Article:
wrote:

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wrote:

If its not a pattern it might not be too bad of a loss. Ive had to add a billet a few times just because of realizing I wont have enough for the final size. After a uncovering those inclusions during a final grind, I began grinding off the scale between folds, loose even more metal, but havent wasted a billet since. BTW would a person even be able to detect a pattern in that many folds?
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(snip)

I did the math at the time, if I remember right the theoretical layers would be sub-sub-atomic range.
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wrote:

I would think you would need a microscope to see them,,but I would suspect that they would be there, unless the base steels are all just higher and lower carbon content plain carbon steels. In other words if they started with just 1005 and 1095 carbon steels I would think by that many layers and reheats the carbon migration would turn the whole billet into something like 1045. but if they started with say,1005 and 52100 then the layers could be seen if magnified high enough.
Bear
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bear wrote:

You can stop carbon migration cold by using 'shims' of nickel 300 between the high and low carbon layers. Fold it seven times and it polishes up like a chrome fingerprint in the steel. You can also use any really high nickel steel, like the 'food' stainlesses and get pretty much the same effect. Remember, 200 and 300 series SS is not heat treatable, and will be part of the 'soft' part in the finished piece, but the 'hard' part will still be quite hard.
With supercharged gas and a powerhammer, you can fold seven times in about two hours in a single heat. For this old fart, that's a Day's Work, YMMV.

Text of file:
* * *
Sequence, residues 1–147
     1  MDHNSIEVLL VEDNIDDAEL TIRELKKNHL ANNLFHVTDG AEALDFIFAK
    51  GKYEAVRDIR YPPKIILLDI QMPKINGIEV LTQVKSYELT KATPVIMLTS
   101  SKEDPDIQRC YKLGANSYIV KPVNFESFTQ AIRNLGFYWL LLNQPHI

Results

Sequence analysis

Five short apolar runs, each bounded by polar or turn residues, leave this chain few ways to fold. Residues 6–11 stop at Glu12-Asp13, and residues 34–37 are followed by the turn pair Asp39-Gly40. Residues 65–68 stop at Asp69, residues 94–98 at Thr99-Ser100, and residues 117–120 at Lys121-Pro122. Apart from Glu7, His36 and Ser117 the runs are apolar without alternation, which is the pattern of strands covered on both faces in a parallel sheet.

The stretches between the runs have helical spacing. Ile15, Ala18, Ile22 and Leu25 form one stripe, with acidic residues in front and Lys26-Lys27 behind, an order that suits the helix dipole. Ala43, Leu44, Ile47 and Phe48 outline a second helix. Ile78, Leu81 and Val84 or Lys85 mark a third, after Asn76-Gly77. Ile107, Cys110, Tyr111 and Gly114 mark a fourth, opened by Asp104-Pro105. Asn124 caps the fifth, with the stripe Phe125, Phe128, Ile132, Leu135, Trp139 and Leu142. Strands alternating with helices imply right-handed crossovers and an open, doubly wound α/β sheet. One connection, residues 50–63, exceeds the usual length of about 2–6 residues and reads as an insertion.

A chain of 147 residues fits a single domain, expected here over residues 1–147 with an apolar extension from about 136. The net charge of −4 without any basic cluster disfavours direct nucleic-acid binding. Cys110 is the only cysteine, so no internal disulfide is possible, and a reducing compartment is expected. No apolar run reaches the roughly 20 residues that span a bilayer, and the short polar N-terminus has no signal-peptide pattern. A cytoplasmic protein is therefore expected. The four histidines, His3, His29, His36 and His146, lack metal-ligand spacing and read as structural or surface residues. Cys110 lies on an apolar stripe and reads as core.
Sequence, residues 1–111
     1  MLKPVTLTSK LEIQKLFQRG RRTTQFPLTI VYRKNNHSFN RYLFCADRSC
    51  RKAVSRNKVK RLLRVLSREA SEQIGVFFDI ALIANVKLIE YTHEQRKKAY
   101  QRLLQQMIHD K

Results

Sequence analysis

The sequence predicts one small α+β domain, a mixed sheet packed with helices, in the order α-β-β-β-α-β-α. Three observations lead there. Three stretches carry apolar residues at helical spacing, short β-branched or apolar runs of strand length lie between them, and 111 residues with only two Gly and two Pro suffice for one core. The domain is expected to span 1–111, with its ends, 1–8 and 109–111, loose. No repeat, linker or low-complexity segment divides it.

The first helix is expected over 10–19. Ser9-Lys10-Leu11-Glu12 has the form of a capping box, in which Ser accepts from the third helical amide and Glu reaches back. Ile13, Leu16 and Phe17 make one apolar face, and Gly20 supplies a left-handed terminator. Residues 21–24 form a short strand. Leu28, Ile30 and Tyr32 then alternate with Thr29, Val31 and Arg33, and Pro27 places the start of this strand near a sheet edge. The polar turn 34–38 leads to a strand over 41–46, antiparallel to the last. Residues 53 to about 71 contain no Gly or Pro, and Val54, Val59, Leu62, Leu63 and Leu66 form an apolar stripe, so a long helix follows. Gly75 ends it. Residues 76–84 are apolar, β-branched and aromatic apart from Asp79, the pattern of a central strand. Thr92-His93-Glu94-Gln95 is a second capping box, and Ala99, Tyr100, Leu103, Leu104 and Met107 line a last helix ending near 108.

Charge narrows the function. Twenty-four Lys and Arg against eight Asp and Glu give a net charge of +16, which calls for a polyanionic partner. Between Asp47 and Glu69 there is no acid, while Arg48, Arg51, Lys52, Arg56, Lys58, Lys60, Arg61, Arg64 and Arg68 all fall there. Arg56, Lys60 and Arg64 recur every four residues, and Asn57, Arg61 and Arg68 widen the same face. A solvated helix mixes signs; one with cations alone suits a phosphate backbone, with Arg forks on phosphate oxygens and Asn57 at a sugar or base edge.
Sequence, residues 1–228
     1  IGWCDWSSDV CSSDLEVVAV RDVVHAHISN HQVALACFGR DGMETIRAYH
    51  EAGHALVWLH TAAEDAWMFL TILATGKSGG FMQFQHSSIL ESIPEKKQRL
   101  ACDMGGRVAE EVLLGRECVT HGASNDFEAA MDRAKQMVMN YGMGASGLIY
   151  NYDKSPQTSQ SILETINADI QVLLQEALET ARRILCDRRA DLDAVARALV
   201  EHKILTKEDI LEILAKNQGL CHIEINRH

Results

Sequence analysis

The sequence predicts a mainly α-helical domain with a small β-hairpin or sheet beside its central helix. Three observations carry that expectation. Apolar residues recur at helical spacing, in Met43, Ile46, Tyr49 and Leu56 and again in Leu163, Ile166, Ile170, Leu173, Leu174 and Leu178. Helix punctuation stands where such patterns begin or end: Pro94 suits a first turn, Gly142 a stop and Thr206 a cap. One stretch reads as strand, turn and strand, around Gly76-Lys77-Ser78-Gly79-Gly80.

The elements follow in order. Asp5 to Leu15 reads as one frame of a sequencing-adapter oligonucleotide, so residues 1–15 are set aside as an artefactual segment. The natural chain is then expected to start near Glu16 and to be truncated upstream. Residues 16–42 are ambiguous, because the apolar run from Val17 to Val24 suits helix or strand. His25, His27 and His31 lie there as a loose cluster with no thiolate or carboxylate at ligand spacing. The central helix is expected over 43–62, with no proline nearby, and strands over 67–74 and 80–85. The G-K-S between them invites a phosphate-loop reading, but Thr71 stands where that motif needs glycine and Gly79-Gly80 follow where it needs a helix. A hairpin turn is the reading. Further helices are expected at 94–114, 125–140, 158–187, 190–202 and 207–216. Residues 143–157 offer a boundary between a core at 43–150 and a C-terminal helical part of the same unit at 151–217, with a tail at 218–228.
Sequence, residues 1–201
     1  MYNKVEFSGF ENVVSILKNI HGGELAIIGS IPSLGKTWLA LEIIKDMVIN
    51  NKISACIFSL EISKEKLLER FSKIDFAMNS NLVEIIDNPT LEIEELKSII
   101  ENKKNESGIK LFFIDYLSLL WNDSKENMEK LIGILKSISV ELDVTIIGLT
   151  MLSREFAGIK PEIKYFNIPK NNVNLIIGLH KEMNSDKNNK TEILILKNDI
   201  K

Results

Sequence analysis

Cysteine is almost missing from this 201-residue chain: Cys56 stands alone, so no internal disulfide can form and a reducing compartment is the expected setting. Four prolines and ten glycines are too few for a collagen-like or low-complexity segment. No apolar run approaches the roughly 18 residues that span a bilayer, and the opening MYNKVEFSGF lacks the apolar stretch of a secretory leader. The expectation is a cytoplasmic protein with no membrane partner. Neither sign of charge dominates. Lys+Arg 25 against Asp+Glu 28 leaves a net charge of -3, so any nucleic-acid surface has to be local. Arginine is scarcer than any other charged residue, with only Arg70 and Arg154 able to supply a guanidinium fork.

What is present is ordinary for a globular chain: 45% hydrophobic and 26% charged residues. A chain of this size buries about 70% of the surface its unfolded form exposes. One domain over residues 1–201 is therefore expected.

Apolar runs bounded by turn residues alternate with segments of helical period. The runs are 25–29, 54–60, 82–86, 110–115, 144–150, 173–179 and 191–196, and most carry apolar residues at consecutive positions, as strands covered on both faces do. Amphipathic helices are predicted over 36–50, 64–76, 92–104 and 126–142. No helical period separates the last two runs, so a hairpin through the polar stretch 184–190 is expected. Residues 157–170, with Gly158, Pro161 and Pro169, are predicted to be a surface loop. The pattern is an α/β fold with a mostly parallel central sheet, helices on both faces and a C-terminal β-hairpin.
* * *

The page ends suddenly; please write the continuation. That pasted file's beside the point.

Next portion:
Charly
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What you do is stack up a billet of whatever you have thickness, maybe 1/8" or thicker. Weld the pile and draw it out 2x in length, fold it in half, weld again, draw, etc. After you do that 5-6 times, the layers are really thin. So you don't need thin stuff to start.
Steve
me wrote:

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On Mon, 29 Nov 2004 20:22:09 GMT, Charly the Bastard

LOL I can just see him jamming that can of WD40 into the forge for a good color comparison!
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ewww that would made some dragons breath...
wrote:

and bury

it's been

hit it

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On Mon, 29 Nov 2004 20:22:09 GMT, Charly the Bastard

Yes, there is such a thing as too much flux. It's not glue, and it's primary purpose is to keep the welding surfaces from oxidizing while being heated. It's secondary purpose is to be slightly corrosive and clean the area to be welded. But when you're up to welding temp you want that flux OUT of there so the metal faces will fuse together. Too much flux and it gets stuck in there as an inclusion.